I liked a lot about this season, which I felt was a distinct improvement on Season 1. It started to feel more like classic Trek. The look of it was increasingly there, too – including a beautiful redesign of the original Enterprise bridge. There was a more episodic feel to it, which I thought was also a plus, given the way Season 1 was so heavily serialized that, with only a couple of exceptions, it became hard to distinguish one episode from another. And so I found it easier to choose the Three Episodes That Made It For Me: (1) "The Sound of Thunder," in which Saru undergoes the Kelpien death process, only to discover that it isn't what his planet's dominant race, the Ba'ul, have sold it as to his subservient people. We get to see his planet; we meet the super-creepy Ba'ul for just a moment; and we see this important character undergo a huge change that will have far-reaching consequences. Already a cool and original guy, Saru becomes even more so in the episodes following this one. Also, might I mention, he has the coolest on-board quarters I've ever seen in a starship-based TV series. (2) "Through the Valley of Shadows," in which Pike visits a Klingon shrine, meets Ash Tyler's love-child by the female Klingon chancellor (a victim of an extreme case of Soap Opera Rapid Aging Syndrome), and confronts his own disturbing future before making a movingly courageous choice. (3) "Project Deadalus," in which a recurring bridge officer named Airiam meets her demise. It's a terrific installment loaded with suspense, pathos, chills and action.

In this instance, I'd also like to mention Three Scenes That Made It For Me: (1) A fight between Ash Tyler (who is still working out what species he is) and Hugh Culber (who hasn't quite come to terms with his death and resurrection), which ends with an arm-lock. Culber: "I don't know who I am anymore!" Tyler: "Who do you think you're talking to?" (2) The 3D chess game between Michael and Spock, which ends with him upending the board and declaring that he enjoys feeling anger. Peck does a great job depicting Spock in the throes of crisis between emotion and logic, lashing out at his foster-sister with breathtaking hurtfulness. It's delicious. (3) Ensign Tilly's hallucination of a girl she knew in junior high school comes to a head when she's sitting in the captain's chair on the bridge as part of a command-training exercise. Unable to cope any longer with what she thinks is evidence that she's losing her mind, Tilly explodes at the captain, says "I quit" and storms off the bridge in front of all her shocked crewmates. It's a tipping point for a really offbeat, mysterious storyline.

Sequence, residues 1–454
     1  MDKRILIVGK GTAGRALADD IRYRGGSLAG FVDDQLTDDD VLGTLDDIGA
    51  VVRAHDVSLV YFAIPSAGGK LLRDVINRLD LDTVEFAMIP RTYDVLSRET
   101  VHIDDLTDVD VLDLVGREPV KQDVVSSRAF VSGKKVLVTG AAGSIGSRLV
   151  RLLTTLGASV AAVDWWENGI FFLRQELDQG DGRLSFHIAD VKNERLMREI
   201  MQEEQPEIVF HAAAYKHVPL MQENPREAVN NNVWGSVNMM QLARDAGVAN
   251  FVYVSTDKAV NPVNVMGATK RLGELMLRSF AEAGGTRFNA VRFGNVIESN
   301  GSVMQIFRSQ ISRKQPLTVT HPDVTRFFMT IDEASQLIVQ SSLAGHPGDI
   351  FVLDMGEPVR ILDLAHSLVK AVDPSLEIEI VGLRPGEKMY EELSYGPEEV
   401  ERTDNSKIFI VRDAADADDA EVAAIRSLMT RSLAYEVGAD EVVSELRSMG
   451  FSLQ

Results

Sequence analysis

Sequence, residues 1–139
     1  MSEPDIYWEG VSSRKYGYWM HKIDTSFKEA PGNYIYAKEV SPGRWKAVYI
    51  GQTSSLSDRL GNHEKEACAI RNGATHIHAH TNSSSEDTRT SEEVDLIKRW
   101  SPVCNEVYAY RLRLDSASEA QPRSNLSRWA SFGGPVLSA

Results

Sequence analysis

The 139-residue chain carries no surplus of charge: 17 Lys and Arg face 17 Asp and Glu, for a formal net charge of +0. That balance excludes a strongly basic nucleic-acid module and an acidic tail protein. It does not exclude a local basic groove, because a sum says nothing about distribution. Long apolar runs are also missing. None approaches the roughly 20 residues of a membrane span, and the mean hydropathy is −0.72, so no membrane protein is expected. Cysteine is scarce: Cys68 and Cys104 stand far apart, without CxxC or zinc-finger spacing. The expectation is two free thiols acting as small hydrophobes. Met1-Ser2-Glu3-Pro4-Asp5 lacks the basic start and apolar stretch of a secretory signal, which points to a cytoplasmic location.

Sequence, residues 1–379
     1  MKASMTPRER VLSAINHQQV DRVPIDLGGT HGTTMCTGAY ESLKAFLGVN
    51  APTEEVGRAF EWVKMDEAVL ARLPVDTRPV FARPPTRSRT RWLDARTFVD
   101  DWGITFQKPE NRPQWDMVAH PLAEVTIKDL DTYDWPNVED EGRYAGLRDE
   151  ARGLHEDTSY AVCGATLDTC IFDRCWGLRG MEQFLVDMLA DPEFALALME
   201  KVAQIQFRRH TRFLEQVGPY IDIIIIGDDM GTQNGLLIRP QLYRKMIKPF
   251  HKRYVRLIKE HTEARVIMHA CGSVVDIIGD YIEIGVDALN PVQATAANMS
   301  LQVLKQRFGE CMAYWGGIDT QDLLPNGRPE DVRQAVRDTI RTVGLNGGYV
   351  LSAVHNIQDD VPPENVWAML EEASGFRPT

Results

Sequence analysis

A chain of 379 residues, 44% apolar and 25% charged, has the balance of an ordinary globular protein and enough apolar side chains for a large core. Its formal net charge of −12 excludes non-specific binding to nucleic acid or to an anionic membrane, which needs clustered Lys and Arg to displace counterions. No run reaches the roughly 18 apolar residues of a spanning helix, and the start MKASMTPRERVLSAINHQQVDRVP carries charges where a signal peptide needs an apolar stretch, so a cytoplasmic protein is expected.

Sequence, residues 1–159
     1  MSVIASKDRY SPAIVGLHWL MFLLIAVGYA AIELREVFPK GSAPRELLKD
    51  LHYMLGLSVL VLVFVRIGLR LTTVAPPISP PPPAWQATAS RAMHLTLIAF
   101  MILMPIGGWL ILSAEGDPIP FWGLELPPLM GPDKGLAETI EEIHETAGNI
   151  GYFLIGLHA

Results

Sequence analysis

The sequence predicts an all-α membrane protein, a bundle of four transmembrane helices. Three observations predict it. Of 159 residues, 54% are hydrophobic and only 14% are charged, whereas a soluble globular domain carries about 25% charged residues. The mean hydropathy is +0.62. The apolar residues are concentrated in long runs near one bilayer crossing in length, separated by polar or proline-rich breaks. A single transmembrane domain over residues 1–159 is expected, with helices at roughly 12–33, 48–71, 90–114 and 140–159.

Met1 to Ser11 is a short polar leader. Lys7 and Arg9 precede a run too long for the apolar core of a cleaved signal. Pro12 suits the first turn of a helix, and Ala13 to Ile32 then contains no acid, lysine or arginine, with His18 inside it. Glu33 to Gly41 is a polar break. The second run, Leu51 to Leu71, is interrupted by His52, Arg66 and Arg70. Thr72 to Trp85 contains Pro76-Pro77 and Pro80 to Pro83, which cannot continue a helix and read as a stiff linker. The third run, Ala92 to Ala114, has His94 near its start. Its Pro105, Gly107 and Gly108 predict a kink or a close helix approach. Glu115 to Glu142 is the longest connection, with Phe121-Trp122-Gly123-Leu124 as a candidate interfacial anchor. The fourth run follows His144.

Again, Honorable Mentions are due – including a segment in which the ship's universal translators go on the fritz, Michael's discovery of who's wearing the Red Angel timesuit (after she was set up to believe it was her future self), and practically any scene featuring the Machiavellian character of Bizarro Capt. Philippa Georgiou (actually the deposed emperor of the Terran universe), played with fiendish zest by Michelle Yeoh. I particularly enjoyed her attempt to pick up Stamets and Culber (with whose mirror-universe doppelgangers she had shared some unlawful carnal knowledge). Visiting Talos IV again was also quite the trip.